The diastema can be a distinguishing beauty asset or a dental problem that needs to be eliminated, depending on who you are and the circumstances. A diastema is a space separating the teeth, more commonly known as a gap. When the gap is between the anterior, or front teeth, it is prominent and may or may not affect how an individual feels about his or her smile.
The gapped tooth look is considered an imperfection by some standards, yet others embrace their gap as part of their persona. Many celebrities have or have had gapped teeth and some of them have made it fashionable. Madonna, Michael Strahan, Anna Paquin, Eddie Murphy, Elijah Wood and Anthony Anderson are just a few of the popular celebrities sporting gaps. Other well-known public figures once had gapped teeth in the early stages of their career and then later decided to close it.
Choosing to close a natural anterior diastema is a matter of preference. If you feel uncomfortable with it, or you do not like the way it affects your smile, you can always choose to close it. On the other hand, you may see it as a distinctive feature that sets you apart and adds a certain je ne sais quoi to your appearance. Sometimes it is better for an individual’s oral health to get the gaps closed.
Types of Diastemas
Spaces between two or more teeth is not necessarily a bad thing. Some gaps can hardly be seen while others are noticeably large. The midline diastema, the gap between the upper front teeth, is the most common type. In fact, most children around the age of six have a midline diastema. Midline gaps in primary teeth are very common. When anterior permanent teeth erupt, the number decreases from 98% to about 49%. The gap closes for most children during their teenage years. Only about 7% of 18-year-old adolescents retain a midline gap.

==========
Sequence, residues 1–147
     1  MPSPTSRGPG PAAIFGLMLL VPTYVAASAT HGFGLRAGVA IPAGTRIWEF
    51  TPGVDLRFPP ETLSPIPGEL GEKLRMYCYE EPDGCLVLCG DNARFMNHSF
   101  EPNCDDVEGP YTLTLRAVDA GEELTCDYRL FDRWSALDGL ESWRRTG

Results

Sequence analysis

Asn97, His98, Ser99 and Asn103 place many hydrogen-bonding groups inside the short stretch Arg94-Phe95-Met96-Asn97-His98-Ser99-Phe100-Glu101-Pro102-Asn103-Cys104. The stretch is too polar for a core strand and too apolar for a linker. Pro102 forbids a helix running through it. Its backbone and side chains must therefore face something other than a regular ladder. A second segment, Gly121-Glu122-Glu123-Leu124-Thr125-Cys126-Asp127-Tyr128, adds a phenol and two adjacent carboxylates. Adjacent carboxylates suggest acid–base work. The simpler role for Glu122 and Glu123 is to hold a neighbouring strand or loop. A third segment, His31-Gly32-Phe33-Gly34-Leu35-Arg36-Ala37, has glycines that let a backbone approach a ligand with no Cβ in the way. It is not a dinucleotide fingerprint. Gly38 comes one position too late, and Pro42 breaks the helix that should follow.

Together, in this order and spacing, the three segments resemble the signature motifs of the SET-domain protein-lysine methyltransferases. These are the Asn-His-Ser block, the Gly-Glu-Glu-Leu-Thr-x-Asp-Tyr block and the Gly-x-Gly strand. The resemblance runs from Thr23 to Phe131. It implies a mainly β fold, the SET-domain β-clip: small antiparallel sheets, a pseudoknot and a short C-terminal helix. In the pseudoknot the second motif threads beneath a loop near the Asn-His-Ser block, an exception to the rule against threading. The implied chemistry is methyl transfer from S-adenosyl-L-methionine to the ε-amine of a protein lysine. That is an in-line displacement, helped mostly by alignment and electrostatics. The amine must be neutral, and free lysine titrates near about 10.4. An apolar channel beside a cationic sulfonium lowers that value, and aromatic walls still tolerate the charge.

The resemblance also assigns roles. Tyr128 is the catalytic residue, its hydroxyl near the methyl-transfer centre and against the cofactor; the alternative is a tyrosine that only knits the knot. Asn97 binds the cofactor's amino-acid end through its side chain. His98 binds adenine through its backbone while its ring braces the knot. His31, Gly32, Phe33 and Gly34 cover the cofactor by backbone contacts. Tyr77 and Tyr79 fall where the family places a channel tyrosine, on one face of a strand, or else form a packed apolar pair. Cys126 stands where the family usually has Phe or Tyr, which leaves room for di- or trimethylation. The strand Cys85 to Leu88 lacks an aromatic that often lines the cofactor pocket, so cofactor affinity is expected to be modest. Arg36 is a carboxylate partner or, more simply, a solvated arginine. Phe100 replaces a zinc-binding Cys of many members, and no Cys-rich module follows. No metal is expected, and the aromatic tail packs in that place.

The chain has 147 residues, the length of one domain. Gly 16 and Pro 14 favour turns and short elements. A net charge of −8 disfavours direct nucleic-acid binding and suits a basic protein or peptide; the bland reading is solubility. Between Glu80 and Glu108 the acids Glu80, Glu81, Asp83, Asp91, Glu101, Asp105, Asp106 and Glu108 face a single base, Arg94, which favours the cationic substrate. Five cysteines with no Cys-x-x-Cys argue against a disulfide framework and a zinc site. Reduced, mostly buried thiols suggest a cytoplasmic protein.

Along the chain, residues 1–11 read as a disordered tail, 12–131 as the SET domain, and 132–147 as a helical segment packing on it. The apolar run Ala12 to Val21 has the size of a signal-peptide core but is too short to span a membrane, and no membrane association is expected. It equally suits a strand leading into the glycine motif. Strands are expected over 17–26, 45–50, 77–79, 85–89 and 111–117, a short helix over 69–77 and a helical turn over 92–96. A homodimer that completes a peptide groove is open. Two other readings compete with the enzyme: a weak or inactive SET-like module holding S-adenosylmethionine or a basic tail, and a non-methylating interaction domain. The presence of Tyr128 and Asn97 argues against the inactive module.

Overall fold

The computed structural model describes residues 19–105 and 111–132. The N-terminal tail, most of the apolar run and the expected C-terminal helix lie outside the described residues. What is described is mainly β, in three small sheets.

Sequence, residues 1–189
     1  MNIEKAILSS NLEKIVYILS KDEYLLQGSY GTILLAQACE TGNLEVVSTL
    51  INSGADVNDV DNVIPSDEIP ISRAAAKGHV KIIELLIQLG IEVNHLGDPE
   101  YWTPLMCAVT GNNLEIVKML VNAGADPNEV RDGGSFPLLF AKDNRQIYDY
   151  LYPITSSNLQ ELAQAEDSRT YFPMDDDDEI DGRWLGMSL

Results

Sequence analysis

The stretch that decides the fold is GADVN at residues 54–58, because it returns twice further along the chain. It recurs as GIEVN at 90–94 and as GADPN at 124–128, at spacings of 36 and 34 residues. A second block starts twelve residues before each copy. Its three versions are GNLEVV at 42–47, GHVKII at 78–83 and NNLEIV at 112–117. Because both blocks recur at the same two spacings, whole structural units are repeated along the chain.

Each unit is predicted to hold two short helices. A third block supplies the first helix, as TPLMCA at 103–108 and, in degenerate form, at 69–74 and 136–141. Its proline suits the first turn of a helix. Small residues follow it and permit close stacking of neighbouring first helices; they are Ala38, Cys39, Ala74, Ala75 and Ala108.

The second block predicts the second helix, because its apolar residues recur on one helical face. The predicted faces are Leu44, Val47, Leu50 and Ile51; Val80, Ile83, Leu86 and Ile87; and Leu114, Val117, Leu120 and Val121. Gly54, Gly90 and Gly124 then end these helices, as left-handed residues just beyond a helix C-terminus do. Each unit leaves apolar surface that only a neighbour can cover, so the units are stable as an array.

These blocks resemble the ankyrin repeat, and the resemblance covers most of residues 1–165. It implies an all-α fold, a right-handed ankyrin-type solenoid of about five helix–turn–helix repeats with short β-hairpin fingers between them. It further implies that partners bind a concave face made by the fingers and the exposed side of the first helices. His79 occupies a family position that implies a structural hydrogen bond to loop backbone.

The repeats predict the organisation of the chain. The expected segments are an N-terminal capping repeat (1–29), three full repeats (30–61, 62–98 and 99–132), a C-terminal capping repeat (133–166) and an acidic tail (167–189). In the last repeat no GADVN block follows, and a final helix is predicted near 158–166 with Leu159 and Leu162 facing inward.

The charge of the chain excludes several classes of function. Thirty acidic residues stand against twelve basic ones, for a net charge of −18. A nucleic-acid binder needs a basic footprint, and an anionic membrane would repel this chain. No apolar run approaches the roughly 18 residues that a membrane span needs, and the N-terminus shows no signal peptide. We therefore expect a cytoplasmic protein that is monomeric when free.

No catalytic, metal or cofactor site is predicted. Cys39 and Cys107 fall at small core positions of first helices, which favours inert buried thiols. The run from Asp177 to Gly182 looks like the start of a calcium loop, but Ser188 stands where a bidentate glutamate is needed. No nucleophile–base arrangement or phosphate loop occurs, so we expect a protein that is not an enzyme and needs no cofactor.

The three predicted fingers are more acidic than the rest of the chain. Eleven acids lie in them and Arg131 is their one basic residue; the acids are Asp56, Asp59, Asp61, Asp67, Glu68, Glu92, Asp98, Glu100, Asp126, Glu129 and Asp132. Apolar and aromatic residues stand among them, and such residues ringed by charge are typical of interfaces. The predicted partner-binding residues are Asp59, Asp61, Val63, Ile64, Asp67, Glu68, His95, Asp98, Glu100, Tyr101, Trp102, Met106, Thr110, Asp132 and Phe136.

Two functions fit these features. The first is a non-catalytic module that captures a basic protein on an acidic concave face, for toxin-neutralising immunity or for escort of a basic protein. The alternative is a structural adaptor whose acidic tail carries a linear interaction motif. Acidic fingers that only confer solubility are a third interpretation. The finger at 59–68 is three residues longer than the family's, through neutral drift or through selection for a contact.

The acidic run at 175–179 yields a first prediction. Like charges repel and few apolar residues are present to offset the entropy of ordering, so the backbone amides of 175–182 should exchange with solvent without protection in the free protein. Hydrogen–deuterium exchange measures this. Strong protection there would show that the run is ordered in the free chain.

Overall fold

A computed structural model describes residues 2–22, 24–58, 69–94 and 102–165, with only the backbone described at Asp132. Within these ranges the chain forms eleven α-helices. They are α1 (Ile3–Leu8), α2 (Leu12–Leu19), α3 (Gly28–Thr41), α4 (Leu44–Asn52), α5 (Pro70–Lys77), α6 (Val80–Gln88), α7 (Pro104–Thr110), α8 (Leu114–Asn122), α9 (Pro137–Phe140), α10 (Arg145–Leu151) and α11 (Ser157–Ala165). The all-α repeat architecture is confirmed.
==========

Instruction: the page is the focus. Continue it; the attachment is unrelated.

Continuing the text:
Gaps are not limited to the front teeth. They can occur between any teeth in the mouth. Some individuals have gaps between all their teeth. In this rare occurrence, the gaps can be large or small. Genetics can play a role in creating these types of diastemas. When the jawbone is larger and the teeth are smaller in size, gaps are created between the teeth.
Causes of Diastemas
Gaps between teeth can be the result of various factors. A diastema could be the result of genetics or it could be related to skeletal development. Some diastemas are created by bad habits. Common factors resulting in gaps include: